These details self-consciously evidenced the handicraft processes by which they were built and celebrated the history and patina of the preused materials and pre-perceived references from which they were made. In this sense they were honest, or ‘real’, telling of their own materiality and their construction process, and of the pre-existent forms the materials held before they were reworked.

Knitwear by Richard Torry. Photo: Plastiques Photography. [Top Left]; Post sack jacket by Christopher Nemeth with decorative details by Judy Blame and Dave Baby. Photo: Plastiques Photography. [Top Right]; No Waiting, Loading, Unloading Chair (upholstery from parking meter shroud, found mahogany, foam rubber, by Frick and Frack. Photo: Plastiques Photography [Bottom Left]; Lamp (assemblage of found iron car and machine parts, sand blasted kilner jar, elastic bands) by Fric and Frack. Photo: Plastiques Photography [Bottom Right]

All of those at HOBAC were interested in this idea of the designed object as storytelling or portrait, both of the designer and of the craft process. The shapes of Moore’s shoes, with their square toes or extended soles were derived by mutilating or adapting traditional lasts, an intervention into the conventional craft process that was told through the form. Similarly, Nemeth’s design process entailed the cutting up of existing clothing, as well as of painted canvases, and reformulating them in a way that visibly acknowledged the method by which the reconstructed garment had been produced.

"All those at HOBAC were interested in the idea of the designed object as storytelling or portrait, both of the designer and of the craft process."

Nemeth used his own body in this process, shaping his patterns around his physique and adjusting the sizes to scale in relation to himself, to preserve his personal posture in the garments others would put on, relaying the image of himself onto those who would wear his pieces. Speaking with Gregor Muir in 2016, Blame said one of the best things about Nemeth’s designs was how they reshaped themselves around the body of the wearer over time. Blame similarly learnt his practice through customising clothes on his own body and continued to use himself as a starting point and model throughout the 1980s and later. Macdonald refers to the pieces created there as being portraits of those who made them, describing the creations from the workshop as ‘psychotic and neurotic’, elaborating that Torry’s knits, for example, express a sort of agitation and a representation of his psyche through their body-distorting shapes and how they seem to be on the brink of unravelling.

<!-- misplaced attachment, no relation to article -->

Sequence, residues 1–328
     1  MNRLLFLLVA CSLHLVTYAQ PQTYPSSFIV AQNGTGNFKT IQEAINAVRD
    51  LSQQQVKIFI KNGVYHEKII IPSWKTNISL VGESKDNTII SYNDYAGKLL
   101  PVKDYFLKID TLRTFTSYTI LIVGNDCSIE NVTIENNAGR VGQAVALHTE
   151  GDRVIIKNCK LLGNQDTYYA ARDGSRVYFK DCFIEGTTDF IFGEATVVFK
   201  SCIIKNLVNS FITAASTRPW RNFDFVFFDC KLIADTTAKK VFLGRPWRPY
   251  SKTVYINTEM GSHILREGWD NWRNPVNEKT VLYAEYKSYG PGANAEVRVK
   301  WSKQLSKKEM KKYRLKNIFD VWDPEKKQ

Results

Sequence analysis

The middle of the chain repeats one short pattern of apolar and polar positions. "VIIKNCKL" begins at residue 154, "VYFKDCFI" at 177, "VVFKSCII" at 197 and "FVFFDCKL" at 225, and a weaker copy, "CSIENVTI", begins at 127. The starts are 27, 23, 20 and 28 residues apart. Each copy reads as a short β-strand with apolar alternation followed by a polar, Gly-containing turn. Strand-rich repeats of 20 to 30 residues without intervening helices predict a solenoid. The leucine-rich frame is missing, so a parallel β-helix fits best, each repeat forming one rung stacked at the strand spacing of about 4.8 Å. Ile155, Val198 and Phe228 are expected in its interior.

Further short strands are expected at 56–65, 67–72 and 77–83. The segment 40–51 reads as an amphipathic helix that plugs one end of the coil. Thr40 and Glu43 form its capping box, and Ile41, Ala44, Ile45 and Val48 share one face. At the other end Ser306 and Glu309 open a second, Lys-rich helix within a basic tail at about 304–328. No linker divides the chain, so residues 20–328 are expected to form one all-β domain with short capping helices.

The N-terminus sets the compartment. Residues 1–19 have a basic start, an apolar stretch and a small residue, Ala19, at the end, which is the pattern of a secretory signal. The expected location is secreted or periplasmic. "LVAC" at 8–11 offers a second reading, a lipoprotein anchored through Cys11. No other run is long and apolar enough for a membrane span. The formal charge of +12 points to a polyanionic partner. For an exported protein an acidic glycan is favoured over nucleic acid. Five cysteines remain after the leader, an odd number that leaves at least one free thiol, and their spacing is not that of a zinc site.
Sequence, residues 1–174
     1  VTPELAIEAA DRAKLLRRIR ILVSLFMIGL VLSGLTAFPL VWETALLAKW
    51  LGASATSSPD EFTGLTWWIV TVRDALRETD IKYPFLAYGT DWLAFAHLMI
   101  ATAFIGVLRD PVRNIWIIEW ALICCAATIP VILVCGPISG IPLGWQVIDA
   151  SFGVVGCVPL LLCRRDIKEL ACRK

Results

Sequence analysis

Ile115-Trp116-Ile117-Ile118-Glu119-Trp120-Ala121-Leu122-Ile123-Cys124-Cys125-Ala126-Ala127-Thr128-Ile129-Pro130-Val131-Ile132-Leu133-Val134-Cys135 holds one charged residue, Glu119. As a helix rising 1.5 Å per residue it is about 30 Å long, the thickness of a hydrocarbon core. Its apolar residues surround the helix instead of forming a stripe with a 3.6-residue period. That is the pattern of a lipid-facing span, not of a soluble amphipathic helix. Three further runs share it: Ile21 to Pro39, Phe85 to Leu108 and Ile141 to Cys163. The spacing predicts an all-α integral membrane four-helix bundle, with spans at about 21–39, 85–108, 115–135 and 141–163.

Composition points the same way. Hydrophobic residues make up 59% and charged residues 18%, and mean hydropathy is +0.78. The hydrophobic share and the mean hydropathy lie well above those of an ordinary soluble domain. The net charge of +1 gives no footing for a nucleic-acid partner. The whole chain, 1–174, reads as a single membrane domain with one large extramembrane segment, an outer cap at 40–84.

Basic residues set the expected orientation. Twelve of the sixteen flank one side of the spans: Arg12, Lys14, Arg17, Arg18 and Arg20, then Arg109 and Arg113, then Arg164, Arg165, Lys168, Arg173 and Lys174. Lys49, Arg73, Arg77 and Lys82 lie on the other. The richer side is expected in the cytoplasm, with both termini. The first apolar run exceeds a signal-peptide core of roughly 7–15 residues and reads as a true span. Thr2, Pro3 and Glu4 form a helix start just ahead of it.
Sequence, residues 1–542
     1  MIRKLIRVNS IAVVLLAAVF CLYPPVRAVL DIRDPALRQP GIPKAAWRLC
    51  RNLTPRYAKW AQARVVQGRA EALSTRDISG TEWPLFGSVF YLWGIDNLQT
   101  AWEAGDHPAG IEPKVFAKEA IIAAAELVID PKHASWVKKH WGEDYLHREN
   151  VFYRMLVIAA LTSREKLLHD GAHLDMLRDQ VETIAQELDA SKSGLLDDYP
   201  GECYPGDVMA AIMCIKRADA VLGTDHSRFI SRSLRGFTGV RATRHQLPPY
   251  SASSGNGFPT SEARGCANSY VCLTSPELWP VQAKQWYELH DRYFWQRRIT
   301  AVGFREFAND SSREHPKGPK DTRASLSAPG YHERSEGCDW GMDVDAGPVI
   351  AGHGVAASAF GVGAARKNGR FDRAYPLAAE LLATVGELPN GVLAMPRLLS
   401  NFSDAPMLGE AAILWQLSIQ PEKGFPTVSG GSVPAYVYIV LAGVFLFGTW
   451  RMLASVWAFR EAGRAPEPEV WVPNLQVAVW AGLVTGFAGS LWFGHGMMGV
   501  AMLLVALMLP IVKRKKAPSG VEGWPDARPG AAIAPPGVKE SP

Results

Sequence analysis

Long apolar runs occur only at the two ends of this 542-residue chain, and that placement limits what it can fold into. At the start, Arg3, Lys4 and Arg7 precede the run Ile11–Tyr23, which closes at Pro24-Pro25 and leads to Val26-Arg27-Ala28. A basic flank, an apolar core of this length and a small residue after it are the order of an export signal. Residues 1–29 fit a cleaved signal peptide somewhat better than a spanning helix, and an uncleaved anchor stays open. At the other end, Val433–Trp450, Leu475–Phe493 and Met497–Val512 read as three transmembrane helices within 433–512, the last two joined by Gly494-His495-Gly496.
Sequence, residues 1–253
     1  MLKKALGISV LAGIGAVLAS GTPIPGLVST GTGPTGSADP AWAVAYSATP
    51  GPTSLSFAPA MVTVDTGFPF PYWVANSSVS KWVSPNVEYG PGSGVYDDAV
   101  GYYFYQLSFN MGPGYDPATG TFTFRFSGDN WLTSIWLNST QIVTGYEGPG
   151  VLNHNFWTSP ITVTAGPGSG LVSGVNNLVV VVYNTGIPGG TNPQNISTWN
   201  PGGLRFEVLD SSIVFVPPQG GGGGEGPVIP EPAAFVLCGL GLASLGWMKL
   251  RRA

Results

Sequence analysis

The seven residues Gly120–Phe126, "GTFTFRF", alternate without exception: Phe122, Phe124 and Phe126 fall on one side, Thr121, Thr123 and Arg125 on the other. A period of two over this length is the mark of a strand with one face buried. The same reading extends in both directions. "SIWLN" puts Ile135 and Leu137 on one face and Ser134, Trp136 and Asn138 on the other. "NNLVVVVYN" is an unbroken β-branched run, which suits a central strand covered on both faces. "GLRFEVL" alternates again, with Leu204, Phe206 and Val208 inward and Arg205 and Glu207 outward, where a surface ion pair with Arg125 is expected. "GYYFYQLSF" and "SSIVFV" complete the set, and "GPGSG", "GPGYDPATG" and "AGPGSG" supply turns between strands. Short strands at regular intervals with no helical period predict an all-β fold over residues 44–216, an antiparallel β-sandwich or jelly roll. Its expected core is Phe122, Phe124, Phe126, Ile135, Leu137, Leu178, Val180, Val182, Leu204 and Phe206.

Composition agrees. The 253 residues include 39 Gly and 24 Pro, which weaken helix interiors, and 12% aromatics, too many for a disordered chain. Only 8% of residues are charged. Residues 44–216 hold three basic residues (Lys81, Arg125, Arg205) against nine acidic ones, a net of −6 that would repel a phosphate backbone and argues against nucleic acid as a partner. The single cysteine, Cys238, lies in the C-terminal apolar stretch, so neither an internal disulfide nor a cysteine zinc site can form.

High heel brooches by Judy Blame. Courtesy Nemeth Archive.

Torry, Nemeth, Blame, Lebon and Fric and Frack all maintained projects outside of HOBAC simultaneously. Blame was styling, Lebon had got Nemeth and Blame’s work stocked at the shop Bazaar, on South Molton Street in Mayfair, respected for its selection of new designers. Torry was stocked at Site, in Soho, and at Browns, and was travelling to Japan frequently, as Nemeth and Blame started to do. In 1987 Fric and Frack moved to a bigger studio space in an abandoned factory across Kingsland Road, which they defiantly dubbed the Fudgepacker (slang for homosexual) Palace so they could craft larger commissions for furniture and set designs independent of Moore’s project.

"It was a shared ethos, rather than a uniformity of style, that united the group."

So, the collaborative shop was only one in a network of representations of their separate designs, but it was the only space in which they were represented collectively. According to fashion journalist and curator Iain R. Webb, it was a shared ethos, rather than a uniformity of style, that united the group. Part of that ethos was to communicate individuality through design, through which a resistant self-conscious criticality could be performed that opposed a dominant culture they felt to be abhorrent in its conservative politics and generic aesthetics. ■

The House of Beauty and Culture, by Kasia Maciejowska, is available in the ICA Bookshop.